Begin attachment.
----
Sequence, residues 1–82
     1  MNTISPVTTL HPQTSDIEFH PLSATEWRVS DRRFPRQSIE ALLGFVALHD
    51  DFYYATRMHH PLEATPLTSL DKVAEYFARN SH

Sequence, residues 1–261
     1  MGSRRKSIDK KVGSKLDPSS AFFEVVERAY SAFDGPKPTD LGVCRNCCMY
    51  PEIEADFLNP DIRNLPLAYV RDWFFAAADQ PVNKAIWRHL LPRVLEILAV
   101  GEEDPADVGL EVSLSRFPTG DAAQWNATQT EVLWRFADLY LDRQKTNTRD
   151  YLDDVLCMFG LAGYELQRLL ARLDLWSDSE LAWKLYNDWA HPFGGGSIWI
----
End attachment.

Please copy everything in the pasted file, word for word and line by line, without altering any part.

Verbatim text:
Sequence, residues 1–82
     1  MNTISPVTTL HPQTSDIEFH PLSATEWRVS DRRFPRQSIE ALLGFVALHD
    51  DFYYATRMHH PLEATPLTSL DKVAEYFARN SH

Sequence, residues 1–261
     1  MGSRRKSIDK KVGSKLDPSS AFFEVVERAY SAFDGPKPTD LGVCRNCCMY
    51  PEIEADFLNP DIRNLPLAYV RDWFFAAADQ PVNKAIWRHL LPRVLEILAV
   101  GEEDPADVGL EVSLSRFPTG DAAQWNATQT EVLWRFADLY LDRQKTNTRD
   151  YLDDVLCMFG LAGYELQRLL ARLDLWSDSE LAWKLYNDWA HPFGGGSIWI